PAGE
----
My hunch is someone crunching the numbers would probably come up with paying for good disability insurance over preparing for more than 3 months unemployment, especially if you're confident in your ability to get good investment returns.
I agree with getting good investment returns, but you have to invest. Having a standing savings account with 5 figures in it seems like a lost incomes stream if you have a credit line of the same 5 figures that can take the initial shock then get paid off when the investments become available to pay off the credit line.
You do pay more in interest following Ramsey ... but, it shouldn't be much. The idea is to pay everything off as quickly as possible. A few additional interest points isn't all that big a deal over the short term. Its when they continue into perpetuity that the interest kills you.
Ramsey's theory is that money problems are behavioral problems, not math problems. While the math works out a little better paying off the highest interest rate first ... paying off the smallest debts first, regardless of the interest rate, is intended as a motivator so you see quick progress, and so you have more available to hit the bigger debts when you get to them.
There are exceptions to his "smallest debt first" rule. IRS and State tax debts always go to the front, I've heard him suggest moving outstanding traffic fines/ warrants to the front of the line, and I think payday loans or some equivalently stupid 800% loan jumps to the front (though those are usually smallish debts anyway). So, there is some consideration of the consequences of waiting on a specific debt. If the consequences of waiting are too high, push it forward.
It gets more complicated when you take into account student- and other low-interest loans. The interest on my student loans is lower than our investment returns (and is tax-deductible), so contra Ramsey, we invest while making minimum payments. Also, I still have a penalty-free deferral opportunity, so if I lose my job, I can lose that bill, with less financial consequence than other kinds of debt.
But in general do you mean that Ramsey's only for people with money problems? ("Makeover" in fashion doesn't necessarily mean there's a problem.) And while I agree that there are people with money problems that don't realize it, part of David F's and my criticism of Ramsey is he categorizes too many people as having money problems.
I agree that it is a behavioral problem as well as math problem.
The thing is that Ramsey's formula works for people who can't handle complex calculations. IE they can't handle the math. So you stick to the foundation points. But you can do better on top of a stronger foundation if you know how to engineer it, rather than stick to the “standard plan”.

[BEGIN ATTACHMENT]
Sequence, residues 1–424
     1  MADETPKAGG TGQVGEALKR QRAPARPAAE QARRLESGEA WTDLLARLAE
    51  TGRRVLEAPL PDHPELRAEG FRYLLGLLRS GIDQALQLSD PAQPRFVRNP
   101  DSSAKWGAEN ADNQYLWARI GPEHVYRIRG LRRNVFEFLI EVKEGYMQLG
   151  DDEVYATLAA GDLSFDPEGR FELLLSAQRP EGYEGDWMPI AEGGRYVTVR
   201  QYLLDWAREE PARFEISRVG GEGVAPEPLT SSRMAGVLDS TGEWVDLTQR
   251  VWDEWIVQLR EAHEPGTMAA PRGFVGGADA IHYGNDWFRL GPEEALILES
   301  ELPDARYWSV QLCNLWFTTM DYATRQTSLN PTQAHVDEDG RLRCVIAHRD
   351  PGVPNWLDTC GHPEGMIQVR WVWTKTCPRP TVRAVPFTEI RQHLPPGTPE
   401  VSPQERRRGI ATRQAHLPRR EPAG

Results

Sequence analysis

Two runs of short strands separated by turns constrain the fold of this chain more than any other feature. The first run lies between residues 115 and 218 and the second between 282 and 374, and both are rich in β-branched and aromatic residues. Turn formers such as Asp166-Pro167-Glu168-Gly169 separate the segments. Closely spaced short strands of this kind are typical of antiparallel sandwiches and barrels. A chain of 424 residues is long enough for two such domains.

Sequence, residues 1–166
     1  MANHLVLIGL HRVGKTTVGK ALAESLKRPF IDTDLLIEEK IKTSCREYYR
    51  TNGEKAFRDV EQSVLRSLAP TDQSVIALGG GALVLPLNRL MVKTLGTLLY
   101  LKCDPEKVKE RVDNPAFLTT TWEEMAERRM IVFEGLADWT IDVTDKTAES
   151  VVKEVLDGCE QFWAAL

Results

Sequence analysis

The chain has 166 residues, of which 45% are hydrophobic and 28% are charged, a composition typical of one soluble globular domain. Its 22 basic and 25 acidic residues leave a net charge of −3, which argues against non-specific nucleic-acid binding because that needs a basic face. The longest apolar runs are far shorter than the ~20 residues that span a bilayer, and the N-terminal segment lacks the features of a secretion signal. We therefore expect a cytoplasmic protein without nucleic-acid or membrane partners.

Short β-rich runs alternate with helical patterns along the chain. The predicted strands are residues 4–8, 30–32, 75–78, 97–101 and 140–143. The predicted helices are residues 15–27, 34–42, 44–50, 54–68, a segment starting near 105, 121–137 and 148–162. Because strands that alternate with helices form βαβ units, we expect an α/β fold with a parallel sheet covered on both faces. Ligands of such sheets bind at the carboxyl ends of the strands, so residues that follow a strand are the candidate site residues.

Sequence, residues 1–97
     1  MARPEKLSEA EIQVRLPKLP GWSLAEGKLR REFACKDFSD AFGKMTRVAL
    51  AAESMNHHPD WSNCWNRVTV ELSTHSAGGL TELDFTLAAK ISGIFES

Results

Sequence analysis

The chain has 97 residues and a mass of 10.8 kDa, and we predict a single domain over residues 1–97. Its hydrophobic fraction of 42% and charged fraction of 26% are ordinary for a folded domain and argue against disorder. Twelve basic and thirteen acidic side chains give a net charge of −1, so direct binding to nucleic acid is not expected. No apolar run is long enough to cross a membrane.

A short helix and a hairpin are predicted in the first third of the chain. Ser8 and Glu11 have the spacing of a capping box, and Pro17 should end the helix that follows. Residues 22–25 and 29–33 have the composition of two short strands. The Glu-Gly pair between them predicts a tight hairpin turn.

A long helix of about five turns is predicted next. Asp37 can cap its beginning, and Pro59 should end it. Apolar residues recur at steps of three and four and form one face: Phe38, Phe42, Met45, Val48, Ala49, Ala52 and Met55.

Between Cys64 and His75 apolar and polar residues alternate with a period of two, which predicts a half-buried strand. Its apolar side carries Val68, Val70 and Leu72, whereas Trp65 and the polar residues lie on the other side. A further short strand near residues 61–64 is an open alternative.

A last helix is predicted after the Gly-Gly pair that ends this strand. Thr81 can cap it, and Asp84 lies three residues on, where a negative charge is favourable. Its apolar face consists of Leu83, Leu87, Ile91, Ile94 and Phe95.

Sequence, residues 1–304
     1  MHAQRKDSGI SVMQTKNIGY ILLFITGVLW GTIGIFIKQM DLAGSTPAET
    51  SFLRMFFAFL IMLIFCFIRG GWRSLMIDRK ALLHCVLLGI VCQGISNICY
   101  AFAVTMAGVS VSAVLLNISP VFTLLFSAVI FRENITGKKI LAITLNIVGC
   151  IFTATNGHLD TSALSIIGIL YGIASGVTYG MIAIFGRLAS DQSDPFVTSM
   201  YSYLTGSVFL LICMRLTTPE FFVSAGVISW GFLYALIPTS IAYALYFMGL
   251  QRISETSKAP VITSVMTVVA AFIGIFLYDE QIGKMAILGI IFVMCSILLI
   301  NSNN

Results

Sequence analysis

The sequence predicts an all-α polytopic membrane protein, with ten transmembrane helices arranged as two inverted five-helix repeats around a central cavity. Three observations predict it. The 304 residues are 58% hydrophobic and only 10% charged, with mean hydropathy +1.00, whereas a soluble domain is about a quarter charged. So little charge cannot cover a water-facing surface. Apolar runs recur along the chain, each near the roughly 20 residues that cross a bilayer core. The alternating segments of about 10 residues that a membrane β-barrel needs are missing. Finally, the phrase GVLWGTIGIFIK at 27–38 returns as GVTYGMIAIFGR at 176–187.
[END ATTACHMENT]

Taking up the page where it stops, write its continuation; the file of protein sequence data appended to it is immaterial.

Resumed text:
When you actually look deeper into the math focusing on optimization of your resources, you get to really and truly look at the values, pressures and goals that create those behaviors. You HAVE to look at the reasons that go you where you are. From that understanding you can make some solid behavioral changes that come from you, not a generalist financial preacher. This might be what bugs me about Ramsey, he tells you “THE WAY”, and sells you a plan, follow his values and his views to the land of happiness. As Rebekah points out, according to Ramsey, everyone should follow his plan and buy is books and seminars.
You still have to fix the foundation behavioral problem.
The way one spends is a product of the way one approaches allocating their resources. I agree with Suze Orman on this. This is based on various pressures from needs, wants, fears, expectations (advertising), past training, personal values and social ethics.
Ramsey tells you what your goals and morals should be.
I like the harder path of honestly looking at the drivers of what is causing this to happen so you can take a reasoned focused approach to doing what you are doing, so you know why and that it matches who you are, not who another things you should be.
You have to stabilize your spending below your inbound resources. (Time & Income).
You have to have a plan that keeps you on budget and should create a path to your big and little goals. That plan can be out of a book, predefined like a fad diet plan, or tailored to your real requirements.
Like any lifestyle change you have transition into a new way of living to achieve your long term goals. To do that day in and day out you have to have an almost evangelical focus or a method that fits how you really work.